Date / Venue: Sunday June 19th, 2016 - Kings Arms, Auckland
Although it may have been the first time Fur Patrol have performed in Auckland for eight years, their ability to rock clearly hasn’t diminished over that time.
Bounding onto the stage, front woman Julia Deans, bassist Andrew Bain and drummer Simon Braxton looked just as thrilled to be there than the undeniably eager crowd were, proving another thing which hasn’t diminished over time - their loyal fan base.
“When we were coming up with our setlist, we came up with about 520 songs, eventually managing to whittle it down to 13, so I think we’ve done pretty fucking good,” Deans informed the crowd, with a laugh. However, selecting a perfect mix of tracks spanning their 20-year career, a good, in-fact great job is exactly what they did.
Kickstarting the night off with Beautiful from their 1998 Starlifter EP, Deans energy exploded into full force throughout Art Of Conversation & Precious, both of which incorporated impressive guitar work from Deans herself, driving the songs with impressive and memorable riffs alongside her remarkably empowering vocal skills, those of which only seem to have strengthened over time.
You would think that after not performing together for almost ten years their musicianship and existing bond might not be quite as strong, but that most certainly wasn’t the case, as each member, as talented as the last, equally had their time in the spotlight, with Braxton’s being the exquisite execution of pulsating rhythms that strongly drove Softer Landing and the faster paced, more energetic Counting Upside Down.
Hauling You Around exhibited Fur Patrol’s softer instrumental side accompanying Deans delicately haunting vocals, which continued throughout the building intro of the slower paced, Local Kid.
Soon enough, Bain and Braxton launched into the instantly recognisable toe-tapping riff of Lydia, undeniably Fur Patrol’s biggest hit and most loved song, receiving an array of delighted cheers from the audience as they prepared themselves to dance and sing along.
Recovering from some technical issues, the audience were treated to some quality banter from all members of the group and a short-lived jam which Deans jokingly described as ‘hold music’ whilst tuning her guitar, later willing the audience to pretend the last 30 seconds didn’t happen. (Sorry Julia, the hold music was too great not to mention).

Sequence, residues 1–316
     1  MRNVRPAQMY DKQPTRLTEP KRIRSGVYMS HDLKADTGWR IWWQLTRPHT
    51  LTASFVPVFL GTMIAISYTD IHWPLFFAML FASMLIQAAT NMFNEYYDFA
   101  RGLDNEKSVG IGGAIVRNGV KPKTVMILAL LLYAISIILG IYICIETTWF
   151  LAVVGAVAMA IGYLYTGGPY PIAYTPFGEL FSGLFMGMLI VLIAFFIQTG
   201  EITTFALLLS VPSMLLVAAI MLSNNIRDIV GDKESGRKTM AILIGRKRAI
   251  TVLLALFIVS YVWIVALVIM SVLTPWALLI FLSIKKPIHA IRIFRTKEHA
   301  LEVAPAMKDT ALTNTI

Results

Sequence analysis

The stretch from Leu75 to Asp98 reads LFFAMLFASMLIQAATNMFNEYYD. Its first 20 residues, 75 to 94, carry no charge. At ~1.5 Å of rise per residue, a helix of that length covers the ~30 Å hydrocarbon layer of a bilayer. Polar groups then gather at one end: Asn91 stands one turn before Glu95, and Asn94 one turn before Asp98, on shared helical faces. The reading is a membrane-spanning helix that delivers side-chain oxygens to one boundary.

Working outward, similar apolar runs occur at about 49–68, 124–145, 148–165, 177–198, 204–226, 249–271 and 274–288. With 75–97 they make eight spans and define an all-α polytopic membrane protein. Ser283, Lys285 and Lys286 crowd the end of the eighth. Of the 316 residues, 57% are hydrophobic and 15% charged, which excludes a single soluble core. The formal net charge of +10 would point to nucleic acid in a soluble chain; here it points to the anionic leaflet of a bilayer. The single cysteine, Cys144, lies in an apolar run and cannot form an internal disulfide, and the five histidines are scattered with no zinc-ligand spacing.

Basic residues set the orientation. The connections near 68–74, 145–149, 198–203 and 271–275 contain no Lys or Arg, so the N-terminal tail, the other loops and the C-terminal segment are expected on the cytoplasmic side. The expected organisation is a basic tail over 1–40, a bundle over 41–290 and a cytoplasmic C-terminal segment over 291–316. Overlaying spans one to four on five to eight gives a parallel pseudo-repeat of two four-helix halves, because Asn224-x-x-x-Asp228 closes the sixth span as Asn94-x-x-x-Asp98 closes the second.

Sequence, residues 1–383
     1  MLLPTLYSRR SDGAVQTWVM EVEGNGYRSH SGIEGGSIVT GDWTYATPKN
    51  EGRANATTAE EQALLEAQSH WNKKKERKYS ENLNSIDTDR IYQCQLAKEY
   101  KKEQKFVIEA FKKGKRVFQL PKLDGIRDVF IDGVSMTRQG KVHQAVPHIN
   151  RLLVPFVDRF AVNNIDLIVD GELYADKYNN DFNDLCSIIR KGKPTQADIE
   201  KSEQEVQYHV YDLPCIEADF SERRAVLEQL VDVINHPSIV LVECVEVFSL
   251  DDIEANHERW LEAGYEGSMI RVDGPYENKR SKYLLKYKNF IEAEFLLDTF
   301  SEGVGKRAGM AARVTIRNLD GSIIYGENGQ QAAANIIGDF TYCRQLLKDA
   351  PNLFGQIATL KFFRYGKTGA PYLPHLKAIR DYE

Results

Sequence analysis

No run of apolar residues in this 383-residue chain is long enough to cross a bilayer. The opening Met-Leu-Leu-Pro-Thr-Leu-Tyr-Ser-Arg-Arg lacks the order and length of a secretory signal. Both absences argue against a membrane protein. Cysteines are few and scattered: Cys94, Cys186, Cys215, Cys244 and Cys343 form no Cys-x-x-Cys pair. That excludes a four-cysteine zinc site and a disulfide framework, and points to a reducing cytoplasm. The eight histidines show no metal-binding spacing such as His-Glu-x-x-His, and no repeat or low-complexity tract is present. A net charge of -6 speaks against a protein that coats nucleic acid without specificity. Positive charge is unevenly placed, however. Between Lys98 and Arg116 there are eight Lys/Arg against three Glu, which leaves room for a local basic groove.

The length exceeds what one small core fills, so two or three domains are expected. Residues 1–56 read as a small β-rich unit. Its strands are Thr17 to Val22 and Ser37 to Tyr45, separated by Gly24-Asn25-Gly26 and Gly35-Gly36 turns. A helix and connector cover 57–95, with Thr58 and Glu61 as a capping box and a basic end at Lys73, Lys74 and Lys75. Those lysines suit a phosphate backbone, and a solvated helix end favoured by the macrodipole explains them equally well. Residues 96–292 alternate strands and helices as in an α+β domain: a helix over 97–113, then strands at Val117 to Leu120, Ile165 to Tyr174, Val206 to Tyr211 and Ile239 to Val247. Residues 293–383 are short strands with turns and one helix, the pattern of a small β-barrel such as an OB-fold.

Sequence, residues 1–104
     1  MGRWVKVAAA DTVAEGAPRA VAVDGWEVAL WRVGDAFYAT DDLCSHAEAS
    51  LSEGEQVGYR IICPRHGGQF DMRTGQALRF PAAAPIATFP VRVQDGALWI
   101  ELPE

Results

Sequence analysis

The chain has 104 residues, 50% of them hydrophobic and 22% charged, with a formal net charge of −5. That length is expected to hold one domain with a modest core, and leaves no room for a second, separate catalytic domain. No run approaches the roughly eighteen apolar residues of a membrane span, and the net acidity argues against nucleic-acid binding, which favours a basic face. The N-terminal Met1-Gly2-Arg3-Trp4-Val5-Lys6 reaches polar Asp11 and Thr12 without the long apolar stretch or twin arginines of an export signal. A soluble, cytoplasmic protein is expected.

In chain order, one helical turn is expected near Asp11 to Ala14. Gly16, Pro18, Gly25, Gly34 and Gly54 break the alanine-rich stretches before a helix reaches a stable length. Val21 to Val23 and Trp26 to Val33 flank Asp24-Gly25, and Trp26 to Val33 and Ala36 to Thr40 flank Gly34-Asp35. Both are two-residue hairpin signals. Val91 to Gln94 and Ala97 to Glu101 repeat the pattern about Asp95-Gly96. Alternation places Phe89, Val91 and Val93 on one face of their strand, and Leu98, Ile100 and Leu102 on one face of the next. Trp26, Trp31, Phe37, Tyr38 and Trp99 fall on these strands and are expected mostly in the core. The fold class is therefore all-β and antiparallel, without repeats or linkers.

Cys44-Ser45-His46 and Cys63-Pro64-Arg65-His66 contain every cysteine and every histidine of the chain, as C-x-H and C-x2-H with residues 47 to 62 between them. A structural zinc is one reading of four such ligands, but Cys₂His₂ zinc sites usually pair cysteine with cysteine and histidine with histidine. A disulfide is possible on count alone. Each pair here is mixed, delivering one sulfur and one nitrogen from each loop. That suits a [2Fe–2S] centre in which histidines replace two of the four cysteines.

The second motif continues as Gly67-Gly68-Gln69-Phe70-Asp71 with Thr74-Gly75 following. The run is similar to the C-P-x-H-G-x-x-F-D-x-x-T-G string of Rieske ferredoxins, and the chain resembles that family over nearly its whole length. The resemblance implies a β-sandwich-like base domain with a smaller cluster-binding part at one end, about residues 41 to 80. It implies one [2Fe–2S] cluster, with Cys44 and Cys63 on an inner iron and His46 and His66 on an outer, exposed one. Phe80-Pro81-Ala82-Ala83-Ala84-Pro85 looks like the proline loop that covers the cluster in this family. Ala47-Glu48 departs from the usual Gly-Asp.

Before too long they were back in the swing of things, increasing the pace and volume levels once again as they launched into Andrew, a high-energy rock number they definitely gave their all, building up to an epic guitar solo finale from Deans, that blew more than just my own mind, I’m sure.
“Thanks for coming out and watching some old crusties play,” Deans chuckled, as she thanked the audience. But the love and thankfulness was clearly mutual as they closed out their set with Man In A Box, a tune from their Starlifter EP. Proceeding the song with a memory of taking a cassette, with a hand-drawn cover, around student radio for airplay 20 years ago.
It was like a blast of nostalgia as their set drew to an end, far too early for anyone’s liking and with their eight year hiatus now broken, my fingers and toes are crossed that it’s sooner than another eight years before we get to see them take to the stage again. Because by the way the audience responded, there’s more than a few people who would certainly love to see them again and sooner rather than later.
As the nights proceedings continued, English alternative rockers Swervedriver took to the stage with sheer excitement apparent across their faces, finding themselves in front of a New Zealand audience for the first time since 1998.
Forming even before my time, the quartet played a vast array of material from their long-winded history, including 1991 hit Rave Down and Last Train To Satansville from their 1993 record MezcalHead to a collection of tracks from their latest record I Wasn’t Born To Lose You, released last year, including crowd favourites Setting Sun and the exceptionally gritty guitar-driven, Duel which closed out their set.
The thumping rhythmic beats of each song driven by drummer Mikey Jones alongside lead guitarist Jimmy Hartridge’ gritt-fueled guitar licks, the dance floor was more than steaming by the time their high-energy set drew to an end.
A distinctly phenomenal night of entertainment and possibly one of the best ways to spend a Sunday evening, Swervedriver continued the party almost incomparably, however, it deems impossible to see past the kiwi roots, therefore reigning Fur Patrol the overall champions of the night.
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